Legal Marijuana in California: It Is a Revolution

In a few days, the use of cannabis in food and cosmetics will be legal [in California]. This will constitute a great change in habits, as well as a huge business at risk of being infiltrated by crime.

Mixing cannabis with alcohol, nicotine, caffeine and fish products will still be forbidden. Instead, it will be possible to make broad use of the substance in the food and cosmetics sectors. There are already marijuana cookies, cakes and ice creams, as well as anti-cellulite creams and lip balms. The chocolate-cannabis combination already has its numerous fans, but candy and other treats that appeal to children may not contain weed. In two days, marijuana will be legalized in California, resulting in a turning point for America’s habits and social norms. It also risks creating new conflicts.

This psychoactive substance, which has long been banned just like all other drugs despite being much milder, has been partially rehabilitated year after year, as some states first declared it legal for medical purposes and later for recreational use as well. However, the U.S. federal government still considers it illegal. Thus far, there have been no clashes because the states that legalized marijuana — Oregon, Colorado, Alaska and Washington — did so to comply with the results of a referendum and because these sparsely inhabited areas are rather small markets, fueled by artisan work.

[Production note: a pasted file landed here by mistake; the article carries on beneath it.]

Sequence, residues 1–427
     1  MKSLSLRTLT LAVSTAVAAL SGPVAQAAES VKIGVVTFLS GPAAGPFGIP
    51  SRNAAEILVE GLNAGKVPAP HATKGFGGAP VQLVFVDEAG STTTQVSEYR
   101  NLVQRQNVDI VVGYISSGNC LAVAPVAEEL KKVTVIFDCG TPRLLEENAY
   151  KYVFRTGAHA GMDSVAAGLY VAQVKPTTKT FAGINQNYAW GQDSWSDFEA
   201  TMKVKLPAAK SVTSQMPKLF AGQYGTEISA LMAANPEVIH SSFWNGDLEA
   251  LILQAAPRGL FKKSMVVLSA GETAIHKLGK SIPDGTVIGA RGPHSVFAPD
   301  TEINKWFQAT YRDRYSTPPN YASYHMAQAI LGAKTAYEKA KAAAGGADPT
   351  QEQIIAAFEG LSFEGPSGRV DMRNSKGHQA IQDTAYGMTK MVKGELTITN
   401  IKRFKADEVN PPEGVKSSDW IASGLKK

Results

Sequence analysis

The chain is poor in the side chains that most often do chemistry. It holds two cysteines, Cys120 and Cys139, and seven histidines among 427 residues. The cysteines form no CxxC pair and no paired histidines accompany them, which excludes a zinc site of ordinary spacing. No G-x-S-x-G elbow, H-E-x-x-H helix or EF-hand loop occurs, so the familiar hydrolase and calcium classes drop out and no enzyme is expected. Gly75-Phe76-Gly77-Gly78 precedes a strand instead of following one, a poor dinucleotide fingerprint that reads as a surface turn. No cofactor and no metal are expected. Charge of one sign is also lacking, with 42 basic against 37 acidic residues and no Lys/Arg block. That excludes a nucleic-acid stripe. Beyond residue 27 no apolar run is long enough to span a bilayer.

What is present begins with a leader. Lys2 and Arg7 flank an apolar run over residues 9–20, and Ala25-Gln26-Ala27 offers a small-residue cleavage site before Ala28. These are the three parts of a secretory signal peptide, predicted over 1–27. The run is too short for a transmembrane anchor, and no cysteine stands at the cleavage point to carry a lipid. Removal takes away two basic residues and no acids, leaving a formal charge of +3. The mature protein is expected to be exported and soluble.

California, the richest, most heavily populated state, changes everything for the U.S. and maybe for others as well, considering America’s economic and cultural influence around the world. According to research centers, 40 million Californians have already spent $7.7 billion a year to buy weed illegally or for medical use. Now, a boom in marijuana consumption is expected. In Los Angeles, cannabis-based tea parties are already fashionable. In Hollywood, the Standard Hotel is going to open a shop selling marijuana edibles. New small entrepreneurs are emerging, many of whom are women who have played a major role in commercializing weed.

However, big corporations are also on their way, drawn by this huge business, a business at risk of infiltration by crime that cannot be completely prevented by the 276 pages of California rules. The biggest risks concern money laundering: In a country where most of the money is exchanged electronically, bank notes will be the only means to buy marijuana. Banks do not allow the use of their systems for these purchases, as they fear punishment from the central government. The sale of this substance is still a federal crime, and Attorney General Jeff Sessions has promised a hard-line approach.

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